(TibetanReview.net, Sep01, 2017) – The Dalai Lama was not scheduled to meet with the Prime Minister of Australia during his 2017 visit to the country which, in fact, already stood cancelled. However, following a warning of adverse implications on bilateral relations from China, Prime Minister Malcolm Turnbull’s office has gone out of its way to reassure China that no plan existed for any such meeting.
Turnbull’s office has sought to boost his credentials on this issue by adding that he had never met with the exiled Tibetan leader during his time as Prime Minister, reported sbs.com.au Aug 30.
The Chinese warning was issued during the visit to Canberra Aug 30 by the China-Tibetan Cultural Exchange Delegation, a propaganda team using the euphemism of “promoting the Tibet Autonomous Region and a dialogue with Australia”. The delegation was said to include some ethnic Tibetans working in the Chinese government, including a 55-year-old man named Pubu, a senior member of the Chinese People’s Political Consultative Conference in the Shannan Prefecture of Tibet Autonomous Region.
Asked whether any potential meeting between the Dalai Lama and Prime Minister Malcolm Turnbull would harm relations with China, Wang Yanwen of the State Council Information Office has said, “It would definitely damage our relations.”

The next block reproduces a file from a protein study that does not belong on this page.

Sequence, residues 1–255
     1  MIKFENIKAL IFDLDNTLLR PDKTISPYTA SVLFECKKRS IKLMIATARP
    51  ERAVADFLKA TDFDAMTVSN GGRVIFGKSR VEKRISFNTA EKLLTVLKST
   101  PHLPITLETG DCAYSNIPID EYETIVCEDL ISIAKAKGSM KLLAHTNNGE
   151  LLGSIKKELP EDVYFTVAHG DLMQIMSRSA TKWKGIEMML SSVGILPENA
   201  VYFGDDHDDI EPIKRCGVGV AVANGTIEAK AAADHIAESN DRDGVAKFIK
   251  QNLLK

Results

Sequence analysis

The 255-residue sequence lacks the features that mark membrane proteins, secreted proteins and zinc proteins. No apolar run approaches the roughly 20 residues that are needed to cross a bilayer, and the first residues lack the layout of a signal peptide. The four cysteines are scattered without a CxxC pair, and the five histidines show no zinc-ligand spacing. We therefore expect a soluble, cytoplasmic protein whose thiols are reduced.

“He [the Dalai Lama] has been leading separatist activities against China since his exile, so this is not acceptable to us,” Ms Wang was quoted as saying.
The Dalai Lama had met then Prime Minister John Howard during his 2007 visit.
The Australian response is in sharp contrast with that of Botswana whose President Ian Khama had responded to even more aggressive threats from Beijing by retorting his country was not a colony of China to be dictated on who he can or cannot meet.
Also, Austria’s new envoy to India, Ms Brigitte Oeppinger-Walchshofer, has said Aug 28 that the Dalai Lama always remained welcome to visit her country and China knew the country’s position on this issue.